As you accurately noted Allen those of us that live in the mountains especially are fearful of even fire communications being encrypted, which has actually been done in jurisdictions around the country. I run a Facebook group where I parrot the communications from the radio to the group. Almost word-for-word so that the people know what's going on. They don't need to wait for the briefing at 6 a.m. that the Press doesn't usually report accurately. When the fire is racing up a hillside and breaks the containment lines it's helpful if someone can tell the residents it's time to run.

This is devastating news to read. Our hobby has been decimated and pretty soon I doubt they'll even be selling scanners. I can't imagine unit in and Whistler hanging in there when they're even talkin of encrypting fire communications.

I guess if I win the lottery big like that I can always bribe somebody in communications and get the encryption key.

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Old 12-06-2018, 3:42 AM
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Originally Posted by Anderegg View Post
The most interesting aspect I found of the article was this

"Walker said ERICA risked “significant fines, penalties and even criminal liability” by allowing the media access to the radio communications, including that the Department of Justice could pull the police department’s access to the California Law Enforcement Communications System, or CLETS. CLETS is the computer network law enforcement agencies in California use to access shared databases like vehicle registration records and criminal histories. He said the agency “received a very terse scolding from DOJ” regarding access to encrypted radios."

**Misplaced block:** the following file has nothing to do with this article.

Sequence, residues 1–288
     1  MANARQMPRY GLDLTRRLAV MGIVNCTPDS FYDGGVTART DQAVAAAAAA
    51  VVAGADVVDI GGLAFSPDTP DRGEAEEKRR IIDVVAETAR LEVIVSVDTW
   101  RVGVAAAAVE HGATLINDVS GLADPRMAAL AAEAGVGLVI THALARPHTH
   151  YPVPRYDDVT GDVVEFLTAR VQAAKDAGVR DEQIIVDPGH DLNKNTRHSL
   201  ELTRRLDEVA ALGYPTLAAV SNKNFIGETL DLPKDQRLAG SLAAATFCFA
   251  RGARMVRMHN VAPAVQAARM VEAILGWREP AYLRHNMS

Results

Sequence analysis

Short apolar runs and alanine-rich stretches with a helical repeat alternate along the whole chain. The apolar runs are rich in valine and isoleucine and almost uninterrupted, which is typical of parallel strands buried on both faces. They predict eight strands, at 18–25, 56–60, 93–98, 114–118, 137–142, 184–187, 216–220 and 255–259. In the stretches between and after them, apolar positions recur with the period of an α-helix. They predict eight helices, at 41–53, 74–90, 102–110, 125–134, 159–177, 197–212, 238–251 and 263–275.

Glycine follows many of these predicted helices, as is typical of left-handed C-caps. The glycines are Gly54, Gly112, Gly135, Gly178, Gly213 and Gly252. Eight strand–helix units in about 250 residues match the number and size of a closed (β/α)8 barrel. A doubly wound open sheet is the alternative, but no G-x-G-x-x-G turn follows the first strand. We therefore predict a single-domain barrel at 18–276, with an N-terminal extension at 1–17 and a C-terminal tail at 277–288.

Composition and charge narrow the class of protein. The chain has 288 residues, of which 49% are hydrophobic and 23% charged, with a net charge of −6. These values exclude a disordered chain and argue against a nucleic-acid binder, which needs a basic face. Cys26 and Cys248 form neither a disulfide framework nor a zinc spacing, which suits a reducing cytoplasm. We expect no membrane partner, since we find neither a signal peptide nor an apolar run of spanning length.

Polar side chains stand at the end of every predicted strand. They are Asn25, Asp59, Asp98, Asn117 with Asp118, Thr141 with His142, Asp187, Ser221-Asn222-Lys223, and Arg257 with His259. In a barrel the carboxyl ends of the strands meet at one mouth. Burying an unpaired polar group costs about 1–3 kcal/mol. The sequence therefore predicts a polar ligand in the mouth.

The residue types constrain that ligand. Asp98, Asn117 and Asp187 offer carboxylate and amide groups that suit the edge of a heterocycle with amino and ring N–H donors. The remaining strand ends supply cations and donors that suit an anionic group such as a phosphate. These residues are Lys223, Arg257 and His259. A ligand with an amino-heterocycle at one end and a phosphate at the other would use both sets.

https://www.desertsun.com/story/news...s/2210729002/?

It is a bit frightening, the DOJ pressuring, to think that there could soon come a time, when in order for an agency to operate, it MUST become fully encrypted. #eeeekkkkk!

Paul
DOJ pulling access to CLETS over radio access is a load of BS. That would simply NOT happen.
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Old 12-06-2018, 6:00 AM
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I agree with y'all, Anderegg, allend, and Krazybob. It's disturbing to me and I am deeply concerned that the longer the tax paying public dawdles on taking government to task on this, that much harder it will become to reverse; if it even could. Locally, there is a chance in some areas but that will only, IMHO, slow the inevitable. Public records requests are very useful but only if the person or persons investigating knows what to request. Also, open communications allows the investigator to audit what is received for completeness. If everything is behind a wall of encryption, an investigator would need to rely on eyewitnesses and whistle blowers. Those are often scarce when it comes to oppressive administrations.